yea im hitting the stall as I write this I think been at 171ish for quite some time now. Rain stopped around 7 a. M. Just in time to do a hot squat and refuel. Temp has still been quite eraric throughout the smoke anywhere from 210 all the way up to 315. Have basically just let it go because of the weather mostly. Ohwell snapped this pic and it looks like its comin along nicely

post #10 of 17
Thread Starter 
The stall continues lol 16 hours into this journey I have gained 10 degrees in the last 4 hours :p untill this thing moved its butt "pun intended" im camping out ;p
post #11 of 17

The stall will give you time to reflect on this smoke. You can open the vent and get your heat up. Be patient and you will be rewarded with some fine Q

Happy smoken.

David

post #12 of 17
Thread Starter 


After 17 houra my journey is over, hit 190 at 6:20 pm. So pulled it and let it rest and chopped it... ..... Its got a little. Bitter flavor tho
post #13 of 17
Great job! 17hrs is a long journey and test of patcients. Keep at it!


Ok so you mention it was a little bitter. Many things can contribute to that. Things to look at.....

Charcoal being added unlit to the cook chamber with food in it.

Wood used....some woods can add a bitter taste

Not sure what was in your rub, but some herbs and spices are intended to be quick and fast flavor additives and long slow cooking can make them bitter. I keep mine simple and it is sugar based.
post #14 of 17
Thread Starter 
Well I used gary wiviott's method and refueled 3 times by adding charcoal and a chimney of lit charcoal then let it all engage then re assemble and refill water.

I used a combination of apple, cherry, but mainly hickory

And my rub was also gary wiviott's graduate rub which is paprika based
post #15 of 17

I don't think it was the wood.

Never used his rub, but personally I don't like a lot of paprika in mine. Just don't like the taste, little is good.

 

Where I think you got your bitterness from is the method of adding unlit charcoal to the smoker. This is just my theory, but I came to it from making changes to my cooks. I used to do the same thing.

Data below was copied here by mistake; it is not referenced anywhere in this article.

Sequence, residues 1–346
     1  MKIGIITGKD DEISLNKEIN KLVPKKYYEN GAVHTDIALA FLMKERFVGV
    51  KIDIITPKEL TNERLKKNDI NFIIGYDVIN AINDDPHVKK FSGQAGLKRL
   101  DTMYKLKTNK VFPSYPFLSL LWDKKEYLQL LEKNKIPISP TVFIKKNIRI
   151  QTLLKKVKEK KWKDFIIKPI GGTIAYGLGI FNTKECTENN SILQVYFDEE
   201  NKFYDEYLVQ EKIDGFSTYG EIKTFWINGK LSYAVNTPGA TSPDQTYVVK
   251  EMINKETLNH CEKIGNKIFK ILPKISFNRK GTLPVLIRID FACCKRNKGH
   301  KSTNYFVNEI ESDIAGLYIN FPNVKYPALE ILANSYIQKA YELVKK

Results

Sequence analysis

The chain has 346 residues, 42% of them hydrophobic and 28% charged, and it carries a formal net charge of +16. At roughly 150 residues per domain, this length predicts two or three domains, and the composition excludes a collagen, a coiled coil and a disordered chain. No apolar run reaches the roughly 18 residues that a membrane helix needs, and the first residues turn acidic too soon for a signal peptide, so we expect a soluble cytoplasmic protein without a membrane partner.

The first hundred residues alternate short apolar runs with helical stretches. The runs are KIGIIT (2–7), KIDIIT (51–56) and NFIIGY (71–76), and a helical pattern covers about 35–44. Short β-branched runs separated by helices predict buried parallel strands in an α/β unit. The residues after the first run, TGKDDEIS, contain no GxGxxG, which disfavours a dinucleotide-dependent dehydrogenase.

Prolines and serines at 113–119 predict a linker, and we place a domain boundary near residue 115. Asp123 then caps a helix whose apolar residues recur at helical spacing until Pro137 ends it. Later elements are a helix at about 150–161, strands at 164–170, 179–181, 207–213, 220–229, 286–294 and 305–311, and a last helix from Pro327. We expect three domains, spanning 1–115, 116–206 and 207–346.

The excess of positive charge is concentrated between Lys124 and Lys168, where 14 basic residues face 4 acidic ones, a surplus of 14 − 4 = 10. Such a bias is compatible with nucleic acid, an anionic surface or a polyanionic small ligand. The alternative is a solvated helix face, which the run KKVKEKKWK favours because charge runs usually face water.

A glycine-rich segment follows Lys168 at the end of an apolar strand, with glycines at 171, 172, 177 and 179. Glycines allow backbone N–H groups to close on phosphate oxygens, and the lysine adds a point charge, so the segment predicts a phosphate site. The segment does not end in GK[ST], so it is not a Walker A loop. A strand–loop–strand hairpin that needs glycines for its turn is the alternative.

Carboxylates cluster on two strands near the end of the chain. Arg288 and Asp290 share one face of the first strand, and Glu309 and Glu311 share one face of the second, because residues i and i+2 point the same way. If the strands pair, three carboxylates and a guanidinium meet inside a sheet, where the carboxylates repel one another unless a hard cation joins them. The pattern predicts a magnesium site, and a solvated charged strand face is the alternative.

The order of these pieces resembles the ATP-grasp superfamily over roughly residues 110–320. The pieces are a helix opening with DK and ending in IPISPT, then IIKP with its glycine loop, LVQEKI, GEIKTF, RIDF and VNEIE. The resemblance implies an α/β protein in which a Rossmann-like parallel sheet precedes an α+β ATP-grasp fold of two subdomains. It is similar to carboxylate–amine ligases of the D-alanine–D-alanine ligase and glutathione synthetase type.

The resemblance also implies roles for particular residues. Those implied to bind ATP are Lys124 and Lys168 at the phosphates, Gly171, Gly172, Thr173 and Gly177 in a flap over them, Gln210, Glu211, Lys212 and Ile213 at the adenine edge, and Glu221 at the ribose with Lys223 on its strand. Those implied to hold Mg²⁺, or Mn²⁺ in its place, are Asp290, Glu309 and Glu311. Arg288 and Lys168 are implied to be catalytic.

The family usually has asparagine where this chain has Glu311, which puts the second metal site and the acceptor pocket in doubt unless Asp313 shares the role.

On this site there is a lot of information on modifying the WSM style smokers. Take some time and see what others have done. Look for a charcoal basket mod. This will help keep a cleaner burn for a longer time. What I think happened was when you added the unlit charcoal to your cook chamber, it takes time for them to all get burning clean. So for the first 30-45 min you are seeing a very thick white smoke.  In the thick white smoke you will have creosote in it. If too much creosote gets on the product it will get bitter. I would also look at removing the water from the pan and adding playground sand covered with some foil. This will give you a heat buffer as well as a stable heat sync for your cook chamber. Water will keep absorbing the heat and energy without releasing much back into the cook chamber, so you burn a lot more fuel to keep your temps up. Also when you add cool/cold water to the pan, you spend time and energy to recover to a proper cook temp. Sand or a solid mass like lave rocks will maintain its temperature and release more energy during the cook, so you burn less fuel.